hand with a pound of fat in it.


Fats – are also organic compounds that serve many functions in the body.  Most Body Fat is produced from carbohydrates, proteins, and fats consumed in the diet.  Fat cells (adipocytes) are the storage cells for lipids (fats) that have been converted from excess carbohydrates and proteins. 

As an energy reserve, adipose tissues store approximately 100,000 calories.  Without additional nutrient intake, adipose storage can support metabolic functions for 30-40 days.  Lipids have a very high caloric value (9 calories per gram) and serve as the body’s “back up generator” when carbohydrates (sugars) are in low supply for metabolic purposes.

The number of “fat cells” in an adult remain constant throughout life after puberty (the exceptions being, excessive weight gain or liposuction will trigger adipocyte production).  A “fat cell” is only 15 percent cell volume with 85 percent storage capacity for lipids (triglycerides).  Adipose tissue is located throughout the body and serves as insulation and padding in addition to fuel reserves.  Visceral fat is located within the body cavities and surrounds the organs.  Subcutaneous fat is located under the skin and accumulates in specific areas such as the breasts and abdomen. 

Fats are not soluble in water and must be “emulsified” by enzymes and non-polar solvents in order to be absorbed into the blood.  Cholesterols and triglycerides are the absorbed components of lipids and are composed of a glycerol base and 1 to 3 chains of fatty acids (monoglyceride, diglyceride, triglyceride). The fatty acid chains can be saturated (the bad fats, liquid at room temperature, contain maximum number of single hydrogen bonds) or unsaturated (the healthy fats, solid at room temperature, contain numerous double bonds with fewer hydrogen bonds).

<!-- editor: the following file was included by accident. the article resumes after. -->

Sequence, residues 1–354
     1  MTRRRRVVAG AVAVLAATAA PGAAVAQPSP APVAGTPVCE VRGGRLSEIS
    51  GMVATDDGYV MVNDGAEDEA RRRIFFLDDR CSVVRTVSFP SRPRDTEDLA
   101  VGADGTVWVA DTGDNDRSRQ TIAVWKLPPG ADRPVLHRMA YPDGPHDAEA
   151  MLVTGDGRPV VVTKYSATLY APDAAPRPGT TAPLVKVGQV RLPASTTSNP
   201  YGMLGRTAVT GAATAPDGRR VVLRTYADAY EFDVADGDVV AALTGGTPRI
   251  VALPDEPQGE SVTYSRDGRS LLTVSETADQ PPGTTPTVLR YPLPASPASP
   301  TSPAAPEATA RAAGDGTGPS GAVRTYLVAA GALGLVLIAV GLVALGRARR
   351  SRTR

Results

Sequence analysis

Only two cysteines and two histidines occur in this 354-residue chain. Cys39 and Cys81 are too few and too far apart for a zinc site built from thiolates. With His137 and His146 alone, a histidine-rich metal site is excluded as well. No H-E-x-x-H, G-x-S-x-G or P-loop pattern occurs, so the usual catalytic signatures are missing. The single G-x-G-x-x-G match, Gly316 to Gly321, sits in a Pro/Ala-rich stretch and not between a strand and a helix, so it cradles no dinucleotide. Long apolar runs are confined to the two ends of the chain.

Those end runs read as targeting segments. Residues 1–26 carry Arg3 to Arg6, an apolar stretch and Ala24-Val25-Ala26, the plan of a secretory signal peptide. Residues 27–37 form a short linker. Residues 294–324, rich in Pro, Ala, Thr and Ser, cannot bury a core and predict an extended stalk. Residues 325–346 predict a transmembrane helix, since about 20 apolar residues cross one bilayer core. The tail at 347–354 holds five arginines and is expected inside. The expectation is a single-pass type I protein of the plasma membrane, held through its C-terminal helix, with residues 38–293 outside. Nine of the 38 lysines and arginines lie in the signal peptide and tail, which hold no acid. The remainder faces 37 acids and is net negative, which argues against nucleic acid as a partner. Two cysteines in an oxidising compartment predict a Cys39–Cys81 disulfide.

Metabolism of fats involve the breaking of the fatty acid chains from the glycerol body (lipolysis).  These components are then converted into metabolic energy through the glycolysis pathway.  Excess biproducts of lipolysis that is converted into Ketone bodies, which serves as an alternative energy source when glucose is unavailable (with diabetes, glucose cannot be transported into the cells to be metabolized, resulting in the body to utilize lipolysis to produce ketone bodies for fuel resulting in ketoacidosis). 

When Glucose and Glycogen are not available, our body prefers the high caloric energy from fats as the next source of fuel.  Fat takes more energy to break down but the energy released is enormous!  (Fats are combustible and are used for fuel sources outside of the body as well).